Tuesday, February 16, 2010

6x04 "The Substitute" Review

Let me start off by saying: WOW. I was blown away by this episode, and it definitely exceeded my expectations. There was definitely a lot of improvement from last week's "What Kate Does." Contrary to last week's episode, which focused on Jack, Kate, Hurley, Dogen, Lennon and the rest of the Temple dwellers, this week's "The Substitute" focused on Flocke, Richard, Ben, Ilana, and Sawyer. I personally find the latter to be the much more interesting/intriguing group currently in the show, so naturally, I was very excited to see new events transpire after the cliffhanger from "LA X, Part 2." After killing Bram and other Jacob's bodyguards, Flocke leaves the statue and knocks Richard unconscious, telling the Others that he is very disappointed in all of them.

In the beginning of "The Substitute," Flocke is seen taking his 'smoke monster' form to travel quickly across the Island. He moves to the Barracks, looking through Sawyer's house, and then leaves to talk to Richard. I thought this scene was amazing, and it was really cool to finally see things in the perspective of the Monster traveling across the Island. We learn that, although Richard was advisor to the Others, and was looked very favorably upon by Jacob, he was still left in the dark with many major issues. He apparently didn't know that Flocke could shapeshift, when he asked "why do you look like John Locke?" This was also a surprise to Flocke, who was seemingly shocked that Jacob had withheld important information from one of his top advisors. Then we see something very surprising -- an apparition of a mysterious kid. Flocke seems very surprised to see this kid, but when Richard turns around he sees nothing. I found this to be very interesting, since I've come to expect that most apparitions on the Island have actually been the Monster -- and now the Monster himself is seeing an apparition. So who is this mysterious kid? I initially thought that it had to be Jacob as a kid. Either way, I though that this apparition had something to do with Jacob. Jacob seems to be the only one who has any power over MIB; even though Jacob is now dead, I really don't think he's "dead" (if you know what I mean). The Man in Black asks Richard to follow him. I found this to be much like Satan tempting Jesus in the wilderness. MIB tells Richard that he won't keep him in the dark like Jacob did. Still, Richard refuses to follow MIB. This now begs the question: how well does Richard really know MIB? In "LA X, Part 2" he seemed quite aqare of him and his capabilities after he left he statue, and he also seemed very scared (something that Richard usually isn't). But apparently he didn't know that MIB could change form.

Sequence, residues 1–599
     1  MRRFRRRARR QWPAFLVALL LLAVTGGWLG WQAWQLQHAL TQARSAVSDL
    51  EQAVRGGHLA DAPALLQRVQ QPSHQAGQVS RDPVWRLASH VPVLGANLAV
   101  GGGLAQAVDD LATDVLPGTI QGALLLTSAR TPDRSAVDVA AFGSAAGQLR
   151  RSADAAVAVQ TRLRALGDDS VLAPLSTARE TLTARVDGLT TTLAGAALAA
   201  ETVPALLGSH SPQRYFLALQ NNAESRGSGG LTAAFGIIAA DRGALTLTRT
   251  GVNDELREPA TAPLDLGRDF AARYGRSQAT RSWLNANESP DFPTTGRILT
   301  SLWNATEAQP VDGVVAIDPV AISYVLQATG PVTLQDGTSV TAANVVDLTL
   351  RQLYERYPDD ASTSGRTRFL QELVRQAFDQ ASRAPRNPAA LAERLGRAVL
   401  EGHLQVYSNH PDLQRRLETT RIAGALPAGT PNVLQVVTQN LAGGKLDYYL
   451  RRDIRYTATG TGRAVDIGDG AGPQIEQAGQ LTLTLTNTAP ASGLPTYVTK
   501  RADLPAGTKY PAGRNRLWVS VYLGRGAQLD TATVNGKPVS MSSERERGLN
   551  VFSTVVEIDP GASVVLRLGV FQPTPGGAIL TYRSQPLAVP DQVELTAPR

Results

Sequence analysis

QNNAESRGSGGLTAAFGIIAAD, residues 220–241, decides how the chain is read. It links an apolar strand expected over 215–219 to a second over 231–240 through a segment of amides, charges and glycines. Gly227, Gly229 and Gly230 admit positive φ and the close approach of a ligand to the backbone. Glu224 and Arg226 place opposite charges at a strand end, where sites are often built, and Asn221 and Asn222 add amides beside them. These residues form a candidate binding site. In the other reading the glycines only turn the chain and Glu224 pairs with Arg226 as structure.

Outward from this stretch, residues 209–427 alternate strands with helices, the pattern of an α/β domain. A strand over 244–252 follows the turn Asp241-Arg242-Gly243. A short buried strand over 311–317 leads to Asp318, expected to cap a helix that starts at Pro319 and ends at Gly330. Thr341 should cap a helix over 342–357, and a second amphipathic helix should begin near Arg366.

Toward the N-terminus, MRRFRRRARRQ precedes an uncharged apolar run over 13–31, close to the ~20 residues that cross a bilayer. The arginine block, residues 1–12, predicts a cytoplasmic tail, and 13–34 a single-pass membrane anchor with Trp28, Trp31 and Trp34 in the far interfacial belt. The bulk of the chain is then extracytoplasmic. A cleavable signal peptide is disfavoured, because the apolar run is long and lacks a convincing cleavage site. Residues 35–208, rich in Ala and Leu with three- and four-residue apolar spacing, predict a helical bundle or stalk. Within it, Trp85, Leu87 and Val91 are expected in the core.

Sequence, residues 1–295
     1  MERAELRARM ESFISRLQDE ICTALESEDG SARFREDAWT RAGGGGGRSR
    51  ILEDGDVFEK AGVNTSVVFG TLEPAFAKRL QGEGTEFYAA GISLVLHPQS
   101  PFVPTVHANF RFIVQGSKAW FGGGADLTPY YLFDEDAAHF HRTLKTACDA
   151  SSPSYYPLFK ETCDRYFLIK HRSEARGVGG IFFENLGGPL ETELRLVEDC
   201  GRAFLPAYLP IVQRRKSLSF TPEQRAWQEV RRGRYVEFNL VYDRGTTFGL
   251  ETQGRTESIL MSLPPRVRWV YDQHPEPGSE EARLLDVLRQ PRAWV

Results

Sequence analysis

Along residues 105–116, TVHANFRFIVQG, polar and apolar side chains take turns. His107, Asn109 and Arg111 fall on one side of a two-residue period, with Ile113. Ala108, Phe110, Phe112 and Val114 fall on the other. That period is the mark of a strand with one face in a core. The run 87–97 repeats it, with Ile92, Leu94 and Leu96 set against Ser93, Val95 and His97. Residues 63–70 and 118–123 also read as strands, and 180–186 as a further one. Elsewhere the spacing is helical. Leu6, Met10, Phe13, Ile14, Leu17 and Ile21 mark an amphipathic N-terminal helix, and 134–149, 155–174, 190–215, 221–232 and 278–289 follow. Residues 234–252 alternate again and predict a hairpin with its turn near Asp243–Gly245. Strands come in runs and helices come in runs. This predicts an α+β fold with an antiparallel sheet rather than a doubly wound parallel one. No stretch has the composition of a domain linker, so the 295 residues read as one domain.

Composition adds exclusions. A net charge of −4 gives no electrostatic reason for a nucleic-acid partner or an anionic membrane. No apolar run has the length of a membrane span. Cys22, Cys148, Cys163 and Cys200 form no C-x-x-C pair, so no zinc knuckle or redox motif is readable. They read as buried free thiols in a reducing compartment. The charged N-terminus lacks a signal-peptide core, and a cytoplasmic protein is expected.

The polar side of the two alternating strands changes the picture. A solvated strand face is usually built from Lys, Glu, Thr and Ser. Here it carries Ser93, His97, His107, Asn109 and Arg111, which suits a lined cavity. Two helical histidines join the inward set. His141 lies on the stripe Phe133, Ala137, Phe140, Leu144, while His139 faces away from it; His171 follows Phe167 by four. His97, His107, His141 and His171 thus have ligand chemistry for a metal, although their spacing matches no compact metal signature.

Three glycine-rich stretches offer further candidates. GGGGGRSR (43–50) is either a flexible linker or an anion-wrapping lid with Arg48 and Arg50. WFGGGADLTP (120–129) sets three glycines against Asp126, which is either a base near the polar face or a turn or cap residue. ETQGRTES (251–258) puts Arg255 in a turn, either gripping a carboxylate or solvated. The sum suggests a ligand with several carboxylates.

Back at the statue, Ilana collects Jacob's ashes from the fire pit. I'm guessing that those ashes will somehow come in handy in the upcoming episodes. Ilana says that MIB is recruiting. We see MIB enter Sawyer's house. Sawyer doesn't seemed surprised at all to see him, merely exclaiming "I thought you were dead." Sawyer sees that there is no fear at all in Locke, making him come to the conclusion that it really isn't Locke. MIB convinces Sawyer to come with him, saying that he can answer the most important question: "Why are you on this Island?" Saywer is intrigued, and somewhat reluctantly, follows MIB.

In flashbacks, we see Locke arrive home in his van. I must say, when he fell out of his wheelchair and the sprinklers turned on, I just had to laugh. I felt bad so for him, but at the same time it was really funny because nothing ever seems to go right for him -- even Locke starts to laugh when the sprinklers turn on. We then see Helen come outside and help John. Back inside, Locke and Helen discuss the Australia trip that he had just gotten back from. Helen finds "Dr. Jack Shephard's" spinal surgeon card. Helen says it might be destiny that he met him (which I thought was an awesome line).

Locke returns to his good old cubicle at the box company. Then we see a face we hope we would never have seen again: It's Randy Nations. Locke's jerk co-worker from "Deus Ex Machina" he made fun of Locke's desire to go on a walkabout. We also see him in "Everybody Hates Hugo" as Hurley's boss, and in "Tricia Tanaka Is Dead" as Hurley's worker. But in this flash-sideways timeline, Hurley is not only the boss of bosses, he is the owner. He offers Locke his job back, and writes a note for him (this is an awesome scene...I love Hurley!). Back at the office we see Rose Nadler, who reminds us that she has terminal cancer since she never went to the Island.